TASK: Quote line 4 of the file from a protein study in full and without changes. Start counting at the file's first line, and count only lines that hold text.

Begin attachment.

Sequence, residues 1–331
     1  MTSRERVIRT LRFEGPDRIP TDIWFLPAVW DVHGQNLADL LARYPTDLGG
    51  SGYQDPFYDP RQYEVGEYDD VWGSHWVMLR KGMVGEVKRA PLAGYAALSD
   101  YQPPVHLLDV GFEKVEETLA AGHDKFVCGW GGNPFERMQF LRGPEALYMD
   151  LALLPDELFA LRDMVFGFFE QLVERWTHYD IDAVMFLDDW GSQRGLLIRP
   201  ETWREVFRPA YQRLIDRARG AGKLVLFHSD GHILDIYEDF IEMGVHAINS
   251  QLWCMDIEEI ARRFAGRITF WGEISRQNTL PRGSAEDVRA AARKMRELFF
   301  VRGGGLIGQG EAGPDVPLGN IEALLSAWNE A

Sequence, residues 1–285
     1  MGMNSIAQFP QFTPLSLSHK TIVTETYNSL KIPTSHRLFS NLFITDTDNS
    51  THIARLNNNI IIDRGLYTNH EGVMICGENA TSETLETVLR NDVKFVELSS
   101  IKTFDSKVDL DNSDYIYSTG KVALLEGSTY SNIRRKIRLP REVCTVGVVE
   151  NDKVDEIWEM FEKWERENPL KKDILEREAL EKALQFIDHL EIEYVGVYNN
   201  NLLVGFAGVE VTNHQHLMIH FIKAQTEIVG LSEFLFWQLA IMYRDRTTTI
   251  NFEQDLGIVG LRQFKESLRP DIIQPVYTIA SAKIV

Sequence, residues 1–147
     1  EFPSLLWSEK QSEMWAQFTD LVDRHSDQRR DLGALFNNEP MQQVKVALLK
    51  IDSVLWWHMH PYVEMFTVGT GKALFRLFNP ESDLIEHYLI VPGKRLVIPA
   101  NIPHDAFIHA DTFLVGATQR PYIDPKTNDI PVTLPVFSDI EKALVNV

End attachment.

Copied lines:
   101  YQPPVHLLDV GFEKVEETLA AGHDKFVCGW GGNPFERMQF LRGPEALYMD